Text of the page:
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AROUND THE SHIELD — Football is a violent game, but the toll it takes on individual players is easy to get lost in the day-to-day bustle, the practices, and the hours on hours of film review.
For a player like second-year 49ers linebacker Fred Warner, a career’s end can feel lightyears away. The BYU product has been at the heart of a San Francisco defense rated among the best in the NFL, and with Sunday’s NFC Championship game against Green Bay (4:40 p.m. MST, FOX) on deck, there’s no time to focus on anything beyond next week.
But there was a moment where Warner couldn’t help but reflect — even briefly — on longevity, when Carolina Panthers linebacker Luke Kuechly announced his emotional retirement at the young age of 28 this week.
Kuechly, a Cincinnati native who played at Boston College, is just five years older than Warner. The two have comparable skill sets, too, though the now-former Panther has a considerable experience edge that makes any allusions between the BYU grad and the seven-time Pro Bowler and 2013 NFL Defensive Player of the Year premature, at best.
But Father Time waits for no man, and Kuechly’s early retirement was a stark reminder of Warner’s own career mortality this week.
“When you’re young, you think you are going to play forever,” Warner told Bay Area media this week. “The dream is to play in the NFL and to play for 20 years. But it’s a violent game at the end of the day; your body takes a lot.
“I always just try to play one day at a time and not think too far ahead. Your career can be over in a matter of seconds.”
That stark reality, however grim it may seem, has helped Warner stay in the moment of his second season. A year after finishing a dismal 4-12, the Niners are 14-3 and one win away from the franchise’s first Super Bowl appearance since 2012. It may seem like a lot of pressure, especially for Warner, who has started every game of his sophomore season in the league and boasts a team-high 118 tackles with three sacks, three forced fumbles, and an interception returned for a touchdown.
He was named a Pro Bowl alternate when the votes were tallied back on Dec. 17, and some have argued that the only problem with that tag is the "alternate" label he's earned in an NFL All-Pro-caliber season.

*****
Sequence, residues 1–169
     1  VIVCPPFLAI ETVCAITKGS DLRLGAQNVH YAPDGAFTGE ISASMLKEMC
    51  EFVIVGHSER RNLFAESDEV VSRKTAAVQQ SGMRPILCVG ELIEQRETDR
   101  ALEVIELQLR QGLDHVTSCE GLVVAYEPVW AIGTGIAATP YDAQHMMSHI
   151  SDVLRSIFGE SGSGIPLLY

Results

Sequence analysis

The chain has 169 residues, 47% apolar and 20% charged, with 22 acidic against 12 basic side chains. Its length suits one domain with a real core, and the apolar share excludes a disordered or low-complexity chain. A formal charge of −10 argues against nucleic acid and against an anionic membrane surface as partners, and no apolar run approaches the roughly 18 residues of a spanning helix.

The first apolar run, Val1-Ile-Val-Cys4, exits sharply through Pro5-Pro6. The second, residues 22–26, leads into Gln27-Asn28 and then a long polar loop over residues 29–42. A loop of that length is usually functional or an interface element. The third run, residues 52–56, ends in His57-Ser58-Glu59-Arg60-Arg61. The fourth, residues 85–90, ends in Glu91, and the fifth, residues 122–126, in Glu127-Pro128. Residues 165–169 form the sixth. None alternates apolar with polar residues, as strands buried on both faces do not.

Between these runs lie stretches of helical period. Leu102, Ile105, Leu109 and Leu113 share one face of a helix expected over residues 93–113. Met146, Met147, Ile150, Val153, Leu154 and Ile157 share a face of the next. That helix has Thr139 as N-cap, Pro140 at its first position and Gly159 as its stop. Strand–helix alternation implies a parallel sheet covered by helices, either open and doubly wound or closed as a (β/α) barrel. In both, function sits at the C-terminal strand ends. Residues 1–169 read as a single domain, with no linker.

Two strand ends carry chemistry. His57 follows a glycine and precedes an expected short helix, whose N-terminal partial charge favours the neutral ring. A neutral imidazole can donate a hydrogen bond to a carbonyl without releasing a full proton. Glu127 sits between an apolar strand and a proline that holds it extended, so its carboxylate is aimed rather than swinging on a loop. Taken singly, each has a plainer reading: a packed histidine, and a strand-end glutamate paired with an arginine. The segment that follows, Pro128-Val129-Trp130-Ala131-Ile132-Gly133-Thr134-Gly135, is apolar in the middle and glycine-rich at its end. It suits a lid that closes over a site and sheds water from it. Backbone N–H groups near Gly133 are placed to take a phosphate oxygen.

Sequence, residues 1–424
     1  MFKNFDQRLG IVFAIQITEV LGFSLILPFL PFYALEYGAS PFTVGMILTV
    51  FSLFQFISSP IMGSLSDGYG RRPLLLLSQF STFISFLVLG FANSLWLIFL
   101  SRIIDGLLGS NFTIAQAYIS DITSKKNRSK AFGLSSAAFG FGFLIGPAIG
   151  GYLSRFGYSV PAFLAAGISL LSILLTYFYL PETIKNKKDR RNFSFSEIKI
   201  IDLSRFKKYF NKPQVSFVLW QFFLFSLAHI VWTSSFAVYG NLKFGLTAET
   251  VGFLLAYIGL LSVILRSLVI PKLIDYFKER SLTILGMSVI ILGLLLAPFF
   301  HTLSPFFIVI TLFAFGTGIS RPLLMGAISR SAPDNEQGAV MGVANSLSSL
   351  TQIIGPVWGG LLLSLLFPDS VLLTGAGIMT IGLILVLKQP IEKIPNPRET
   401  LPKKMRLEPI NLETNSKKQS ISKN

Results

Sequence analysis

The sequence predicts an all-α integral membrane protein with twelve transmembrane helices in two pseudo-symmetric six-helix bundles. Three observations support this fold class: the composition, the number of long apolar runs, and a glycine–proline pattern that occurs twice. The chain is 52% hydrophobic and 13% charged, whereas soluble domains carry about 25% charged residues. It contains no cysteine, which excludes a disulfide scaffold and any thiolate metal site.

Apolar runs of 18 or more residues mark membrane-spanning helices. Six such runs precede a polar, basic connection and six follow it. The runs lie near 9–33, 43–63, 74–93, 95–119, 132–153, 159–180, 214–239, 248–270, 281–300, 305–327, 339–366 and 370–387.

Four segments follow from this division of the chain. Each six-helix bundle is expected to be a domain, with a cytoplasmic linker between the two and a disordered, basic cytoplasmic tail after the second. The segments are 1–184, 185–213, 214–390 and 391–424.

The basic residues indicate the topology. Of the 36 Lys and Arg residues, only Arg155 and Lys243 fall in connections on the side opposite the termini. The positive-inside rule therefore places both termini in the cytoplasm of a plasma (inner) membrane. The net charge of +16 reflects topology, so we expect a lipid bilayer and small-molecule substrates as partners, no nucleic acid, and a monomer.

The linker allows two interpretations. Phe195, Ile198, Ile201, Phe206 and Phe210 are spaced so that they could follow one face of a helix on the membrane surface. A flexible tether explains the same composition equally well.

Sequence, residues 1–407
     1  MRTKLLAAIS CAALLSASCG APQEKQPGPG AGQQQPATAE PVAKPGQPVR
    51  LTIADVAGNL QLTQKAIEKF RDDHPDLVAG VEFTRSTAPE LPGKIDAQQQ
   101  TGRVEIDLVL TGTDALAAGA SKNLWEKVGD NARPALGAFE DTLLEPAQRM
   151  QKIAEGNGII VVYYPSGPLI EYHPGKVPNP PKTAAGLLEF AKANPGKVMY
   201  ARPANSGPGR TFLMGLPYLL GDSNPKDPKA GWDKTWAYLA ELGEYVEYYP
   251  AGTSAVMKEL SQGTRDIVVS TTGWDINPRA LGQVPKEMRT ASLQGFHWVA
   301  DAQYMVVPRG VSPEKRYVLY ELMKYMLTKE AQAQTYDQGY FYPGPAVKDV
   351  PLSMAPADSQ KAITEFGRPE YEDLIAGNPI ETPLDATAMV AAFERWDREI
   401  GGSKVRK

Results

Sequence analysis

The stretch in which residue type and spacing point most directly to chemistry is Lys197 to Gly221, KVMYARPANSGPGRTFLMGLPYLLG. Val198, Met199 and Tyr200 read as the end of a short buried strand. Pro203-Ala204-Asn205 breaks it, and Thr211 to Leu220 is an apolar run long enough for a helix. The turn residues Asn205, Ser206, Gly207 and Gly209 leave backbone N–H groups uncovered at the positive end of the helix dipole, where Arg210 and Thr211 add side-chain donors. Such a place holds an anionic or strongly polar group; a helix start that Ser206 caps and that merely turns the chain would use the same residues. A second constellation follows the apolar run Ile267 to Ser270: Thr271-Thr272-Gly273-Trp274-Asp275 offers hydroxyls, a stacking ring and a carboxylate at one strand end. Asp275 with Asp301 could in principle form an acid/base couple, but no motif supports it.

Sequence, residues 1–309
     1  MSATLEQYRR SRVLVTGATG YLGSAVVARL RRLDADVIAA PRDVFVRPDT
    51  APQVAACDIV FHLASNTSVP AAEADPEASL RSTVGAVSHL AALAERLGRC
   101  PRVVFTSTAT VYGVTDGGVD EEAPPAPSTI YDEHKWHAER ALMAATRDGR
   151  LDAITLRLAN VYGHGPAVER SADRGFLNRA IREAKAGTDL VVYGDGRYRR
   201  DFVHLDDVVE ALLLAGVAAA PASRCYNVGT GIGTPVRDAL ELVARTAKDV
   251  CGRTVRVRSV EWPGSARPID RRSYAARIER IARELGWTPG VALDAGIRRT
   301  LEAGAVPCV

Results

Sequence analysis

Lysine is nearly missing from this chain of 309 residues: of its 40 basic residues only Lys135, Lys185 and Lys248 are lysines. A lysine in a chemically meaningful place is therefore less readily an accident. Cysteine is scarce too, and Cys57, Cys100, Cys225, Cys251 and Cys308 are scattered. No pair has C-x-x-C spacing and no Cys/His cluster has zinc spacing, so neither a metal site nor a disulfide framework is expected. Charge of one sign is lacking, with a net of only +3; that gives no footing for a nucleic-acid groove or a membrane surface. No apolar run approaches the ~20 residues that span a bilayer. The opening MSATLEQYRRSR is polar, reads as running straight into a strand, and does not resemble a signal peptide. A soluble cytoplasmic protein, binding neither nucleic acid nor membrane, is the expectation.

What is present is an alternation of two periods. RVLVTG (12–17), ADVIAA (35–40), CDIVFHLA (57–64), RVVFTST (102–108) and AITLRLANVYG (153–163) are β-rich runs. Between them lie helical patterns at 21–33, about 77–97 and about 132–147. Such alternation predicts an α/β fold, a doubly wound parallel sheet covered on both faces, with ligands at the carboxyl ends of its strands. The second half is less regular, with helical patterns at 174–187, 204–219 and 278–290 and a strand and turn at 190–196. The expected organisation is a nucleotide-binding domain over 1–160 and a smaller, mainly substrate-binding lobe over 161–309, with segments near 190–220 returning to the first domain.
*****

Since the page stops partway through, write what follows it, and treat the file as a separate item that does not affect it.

But pressure is only what you make of it, and Warner and his teammates aren’t making much.
“It’s funny; last game (a 27-10 divisional-round win over Minnesota) felt like another week, even though the stakes were high,” he said. “We don’t treat it as such. It’s just another week. Our routine doesn’t change, our preparation doesn’t change.
“The same can be said of this week. We’re just going about business, but we’re having fun doing it.”
Warner’s one of many in a defensive group that has come together in what some might call an unlikely fashion.
“I’ve been on some pretty tight teams, but this is right up there with them,” defensive back Richard Sherman said. “This is a family atmosphere.
“Guys care about each other on and off the field. It’s really cool, and it’s really special to be a part of.”
Much of the 49ers’ turnaround can be attributed to such a mentality. But the turnaround can also be pinned squarely on the San Francisco defense, led by Warner and standouts like Sherman, Kwon Alexander and rookie Nick Bosa, to name a few. The list of names is too numerous to count, in some ways, and it will take every one of them to slow down an offense directed by Aaron Rodgers that includes Aaron Jones and former BYU all-time leading rusher Jamaal Williams in the backfield.
“They don’t stop working,” Niners head coach Kyle Shanahan said of his defense. “They don’t point fingers. When you go 4-12, a lot of places do that. So it says a lot about our guys.
“I feel like our team has been this way from the beginning; and when you do that and win, it only makes you stronger.”
Stronger because of the likes of Warner, though he won’t take credit for his fast start in the league.
So we’ll leave it up to his proud little brother, BYU senior-to-be defensive back Troy Warner, to toot his horn. The two still face off almost weekly over Call of Duty, and the younger Warner is unfazed about big bro’s success.
“It really doesn’t surprise me because I know how he works,” Troy Warner said. “I know the potential and talent that he has.
“Just to see him actually performing on the highest level like that, I’m happy for him.”